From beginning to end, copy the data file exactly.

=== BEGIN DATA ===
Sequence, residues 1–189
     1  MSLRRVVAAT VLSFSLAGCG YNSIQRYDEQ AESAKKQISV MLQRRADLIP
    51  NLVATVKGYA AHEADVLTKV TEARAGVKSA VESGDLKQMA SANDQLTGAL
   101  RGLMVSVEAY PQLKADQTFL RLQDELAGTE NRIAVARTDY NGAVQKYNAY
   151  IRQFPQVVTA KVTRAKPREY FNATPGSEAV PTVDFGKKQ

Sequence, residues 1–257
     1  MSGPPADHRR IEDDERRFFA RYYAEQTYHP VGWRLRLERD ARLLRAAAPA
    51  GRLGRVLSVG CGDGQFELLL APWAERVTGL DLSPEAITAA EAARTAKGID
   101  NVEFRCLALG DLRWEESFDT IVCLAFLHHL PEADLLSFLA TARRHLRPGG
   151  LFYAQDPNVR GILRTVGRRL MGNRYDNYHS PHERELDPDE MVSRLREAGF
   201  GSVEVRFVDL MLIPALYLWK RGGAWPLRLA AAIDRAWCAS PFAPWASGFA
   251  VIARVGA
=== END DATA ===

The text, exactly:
Sequence, residues 1–189
     1  MSLRRVVAAT VLSFSLAGCG YNSIQRYDEQ AESAKKQISV MLQRRADLIP
    51  NLVATVKGYA AHEADVLTKV TEARAGVKSA VESGDLKQMA SANDQLTGAL
   101  RGLMVSVEAY PQLKADQTFL RLQDELAGTE NRIAVARTDY NGAVQKYNAY
   151  IRQFPQVVTA KVTRAKPREY FNATPGSEAV PTVDFGKKQ

Sequence, residues 1–257
     1  MSGPPADHRR IEDDERRFFA RYYAEQTYHP VGWRLRLERD ARLLRAAAPA
    51  GRLGRVLSVG CGDGQFELLL APWAERVTGL DLSPEAITAA EAARTAKGID
   101  NVEFRCLALG DLRWEESFDT IVCLAFLHHL PEADLLSFLA TARRHLRPGG
   151  LFYAQDPNVR GILRTVGRRL MGNRYDNYHS PHERELDPDE MVSRLREAGF
   201  GSVEVRFVDL MLIPALYLWK RGGAWPLRLA AAIDRAWCAS PFAPWASGFA
   251  VIARVGA